By Seo Yeon-ji
One of the biggest holidays in Korea, Chuseok, or Korea? thanksgiving, is approaching with a long week break. Although Chuseok seems like a regular event, for some students at Ewha, it is a special event that they are looking forward to this year.
The Ewha Global Partnership Program (EGPP) students, many of whom are spending their first Chuseok in Korea, are very excited to experience a new custom. Josephine Gachwe (Computer Science, 1) from Kenya is planning to travel around Korea during Chuseok. She wishes to see Korean traditional dances and visit places where she can experience Korean culture. ?n Kenya, there are more than 40 tribes and they have their own ways of spending thanksgiving. In my tribe, Kikuyu people used to do a ritual that is similar to Korea?, sacrificing harvest foods to thank the god for this year? harvest.?
Another EGPP student Liu Qianying (International Studies, 3) from China is very much looking forward to making Songpeon (Korean traditional rice cake that is eaten in Chuseok) this year. China has its own thanksgiving too where Moon Cakes, which symbolizes the full moon and reunion of family members, are eaten. However, the cakes cannot be cooked in households in China, so Liu likes the Korean tradition of making Songpeon during Chuseok. ?he best thing I like about Chuseok or Chinese thanksgiving is that family members, who were far away from each other and were busy getting on with their own lives, get together,?said Liu.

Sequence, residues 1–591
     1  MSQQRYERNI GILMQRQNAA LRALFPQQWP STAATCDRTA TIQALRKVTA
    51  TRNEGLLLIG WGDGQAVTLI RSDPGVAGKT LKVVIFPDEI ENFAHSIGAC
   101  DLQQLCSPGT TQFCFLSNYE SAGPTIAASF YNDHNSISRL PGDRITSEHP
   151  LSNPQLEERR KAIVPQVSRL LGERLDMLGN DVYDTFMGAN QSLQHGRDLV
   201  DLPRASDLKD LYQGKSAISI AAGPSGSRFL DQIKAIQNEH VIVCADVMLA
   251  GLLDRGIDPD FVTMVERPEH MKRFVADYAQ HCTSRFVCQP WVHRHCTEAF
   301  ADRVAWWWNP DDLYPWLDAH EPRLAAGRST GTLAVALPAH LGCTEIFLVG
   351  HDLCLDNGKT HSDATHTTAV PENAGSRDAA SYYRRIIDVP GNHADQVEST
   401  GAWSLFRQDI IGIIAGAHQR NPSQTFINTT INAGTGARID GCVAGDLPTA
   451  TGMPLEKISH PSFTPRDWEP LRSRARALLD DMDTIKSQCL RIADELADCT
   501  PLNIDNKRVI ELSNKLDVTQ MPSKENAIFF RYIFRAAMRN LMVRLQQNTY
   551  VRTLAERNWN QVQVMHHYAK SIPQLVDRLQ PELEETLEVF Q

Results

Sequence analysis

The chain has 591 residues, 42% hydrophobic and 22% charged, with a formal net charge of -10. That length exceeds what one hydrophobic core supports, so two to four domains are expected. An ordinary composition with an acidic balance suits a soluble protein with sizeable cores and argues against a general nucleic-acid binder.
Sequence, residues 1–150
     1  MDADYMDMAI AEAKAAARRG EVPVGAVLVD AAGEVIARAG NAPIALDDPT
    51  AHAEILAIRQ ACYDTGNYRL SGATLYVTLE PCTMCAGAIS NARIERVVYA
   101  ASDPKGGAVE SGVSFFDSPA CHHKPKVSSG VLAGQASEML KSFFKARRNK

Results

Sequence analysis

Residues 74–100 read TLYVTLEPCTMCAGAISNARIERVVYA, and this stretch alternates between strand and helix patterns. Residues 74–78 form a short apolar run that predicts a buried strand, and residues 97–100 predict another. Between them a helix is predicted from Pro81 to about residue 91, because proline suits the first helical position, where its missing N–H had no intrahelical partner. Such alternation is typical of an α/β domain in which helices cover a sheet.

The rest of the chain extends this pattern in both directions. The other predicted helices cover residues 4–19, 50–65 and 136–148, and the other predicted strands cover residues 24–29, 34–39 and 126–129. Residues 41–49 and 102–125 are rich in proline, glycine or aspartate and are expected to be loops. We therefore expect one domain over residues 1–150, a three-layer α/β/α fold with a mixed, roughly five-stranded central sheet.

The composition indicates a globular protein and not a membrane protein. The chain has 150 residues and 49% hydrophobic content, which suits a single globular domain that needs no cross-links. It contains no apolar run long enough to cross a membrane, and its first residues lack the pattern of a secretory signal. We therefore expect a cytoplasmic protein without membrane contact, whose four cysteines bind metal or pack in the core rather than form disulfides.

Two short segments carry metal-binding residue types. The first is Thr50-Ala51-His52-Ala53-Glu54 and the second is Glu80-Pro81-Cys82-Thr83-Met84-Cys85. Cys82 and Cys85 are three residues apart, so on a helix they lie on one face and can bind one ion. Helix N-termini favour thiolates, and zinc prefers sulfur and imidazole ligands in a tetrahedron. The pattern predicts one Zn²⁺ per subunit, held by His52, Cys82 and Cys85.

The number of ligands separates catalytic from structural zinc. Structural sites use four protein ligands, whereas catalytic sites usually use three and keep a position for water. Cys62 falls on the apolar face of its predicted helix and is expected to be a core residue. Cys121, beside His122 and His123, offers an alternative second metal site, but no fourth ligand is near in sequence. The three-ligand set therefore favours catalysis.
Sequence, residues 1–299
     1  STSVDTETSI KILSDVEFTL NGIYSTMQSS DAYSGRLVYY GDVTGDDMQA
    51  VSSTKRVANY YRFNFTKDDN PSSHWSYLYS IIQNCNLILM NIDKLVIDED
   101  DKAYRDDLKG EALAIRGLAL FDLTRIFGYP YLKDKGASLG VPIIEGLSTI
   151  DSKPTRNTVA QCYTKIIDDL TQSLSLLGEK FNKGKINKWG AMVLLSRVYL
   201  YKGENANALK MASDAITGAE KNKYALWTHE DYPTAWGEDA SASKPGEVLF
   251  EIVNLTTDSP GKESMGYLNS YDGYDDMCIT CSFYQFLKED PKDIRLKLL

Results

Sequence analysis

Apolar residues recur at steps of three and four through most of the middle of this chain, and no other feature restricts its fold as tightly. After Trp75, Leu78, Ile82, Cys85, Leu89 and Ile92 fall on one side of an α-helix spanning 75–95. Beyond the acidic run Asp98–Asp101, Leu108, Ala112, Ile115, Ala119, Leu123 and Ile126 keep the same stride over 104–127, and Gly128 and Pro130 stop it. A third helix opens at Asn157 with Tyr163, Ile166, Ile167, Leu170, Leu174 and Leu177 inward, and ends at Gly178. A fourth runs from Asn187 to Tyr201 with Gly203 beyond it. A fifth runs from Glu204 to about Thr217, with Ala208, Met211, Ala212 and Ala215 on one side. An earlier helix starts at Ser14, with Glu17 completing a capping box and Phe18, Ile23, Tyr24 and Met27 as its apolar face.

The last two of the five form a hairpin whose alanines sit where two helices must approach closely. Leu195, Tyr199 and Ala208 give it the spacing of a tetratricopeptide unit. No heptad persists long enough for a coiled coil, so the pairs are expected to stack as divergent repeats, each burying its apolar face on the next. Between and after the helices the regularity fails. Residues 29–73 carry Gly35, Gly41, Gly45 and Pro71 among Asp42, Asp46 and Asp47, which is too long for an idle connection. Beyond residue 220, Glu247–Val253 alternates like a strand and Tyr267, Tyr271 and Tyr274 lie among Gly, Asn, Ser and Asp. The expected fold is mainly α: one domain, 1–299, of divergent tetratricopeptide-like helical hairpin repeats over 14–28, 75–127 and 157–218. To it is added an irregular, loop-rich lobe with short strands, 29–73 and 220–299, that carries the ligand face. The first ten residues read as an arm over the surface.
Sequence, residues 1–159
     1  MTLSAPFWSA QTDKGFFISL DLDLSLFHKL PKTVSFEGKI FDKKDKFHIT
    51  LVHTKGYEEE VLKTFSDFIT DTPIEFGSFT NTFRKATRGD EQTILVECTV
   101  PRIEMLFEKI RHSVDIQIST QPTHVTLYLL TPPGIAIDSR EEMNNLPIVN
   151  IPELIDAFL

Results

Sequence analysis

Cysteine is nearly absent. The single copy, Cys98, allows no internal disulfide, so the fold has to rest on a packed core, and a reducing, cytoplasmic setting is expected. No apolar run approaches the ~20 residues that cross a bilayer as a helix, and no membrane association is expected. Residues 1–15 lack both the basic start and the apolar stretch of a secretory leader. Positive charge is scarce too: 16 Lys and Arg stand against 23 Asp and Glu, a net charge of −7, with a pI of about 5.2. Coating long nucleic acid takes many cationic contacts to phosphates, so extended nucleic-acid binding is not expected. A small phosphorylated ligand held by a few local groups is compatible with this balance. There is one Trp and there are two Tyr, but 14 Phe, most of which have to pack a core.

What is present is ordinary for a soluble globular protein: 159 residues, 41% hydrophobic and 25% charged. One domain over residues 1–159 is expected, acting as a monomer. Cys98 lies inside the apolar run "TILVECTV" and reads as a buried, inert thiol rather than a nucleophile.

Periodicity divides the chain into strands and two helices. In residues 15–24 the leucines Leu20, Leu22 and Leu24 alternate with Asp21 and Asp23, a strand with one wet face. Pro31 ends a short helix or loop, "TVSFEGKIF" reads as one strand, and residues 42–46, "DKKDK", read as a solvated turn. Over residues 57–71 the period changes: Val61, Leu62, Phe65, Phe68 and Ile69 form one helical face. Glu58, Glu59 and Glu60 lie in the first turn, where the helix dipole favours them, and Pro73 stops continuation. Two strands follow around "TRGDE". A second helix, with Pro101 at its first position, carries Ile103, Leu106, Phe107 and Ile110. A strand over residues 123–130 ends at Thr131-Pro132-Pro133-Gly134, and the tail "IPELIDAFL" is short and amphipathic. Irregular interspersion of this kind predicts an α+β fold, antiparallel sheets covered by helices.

For Chikako Ara (Human Ecology, 1), this year marks her Eighth Chuseok in Korea. As she spent her past life in a dormitory, she had many chances to explore Korean Chuseok. First, she made Songpeon with various ingredients. ?lthough the original Songpeon is stuffed with sesame seeds and sugar, I stuffed in chestnuts and red beans and made a bear shape instead of half moon,?said Ara. Second, because her dormitory inspector loved mountain climbing, she climbed up a mountain on Chuseok day and ate Songpeon on the summit under the full moon. ?n Japan, we don? celebrate Chuseok like Korea. But as I enjoy eating Korean rice cakes and playing Yut (Korean traditional board game), I? really looking forward to this year? as well,?said Ara. Ara is planning to visit her friend? house this Chuseok, who is holding a big Chuseok Janchi (party).
Miyazawa Aki (Korean Lang. & Lit., 3) said that unlike Japan where traditional holidays like Chuseok are losing their significance and meaning amongst Japanese people, Korean Chuseok seems to invite everyone to truly enjoy the harvest festival and continue its tradition.
Many of the foreign students in Ewha will be spending Chuseok in Korea with their own plans to experience Korean Chuseok fruitfully. Experiencing a new culture is always exciting and challenging. And spending time with Korean friends and families will make a big difference for them. ?lthough many places provide Chuseok events for foreigners, the best way to experience the true Korean Chuseok is to spend time with a Korean family, as if I? part of the family member,?Liu added wishing a merry Chuseok to everyone.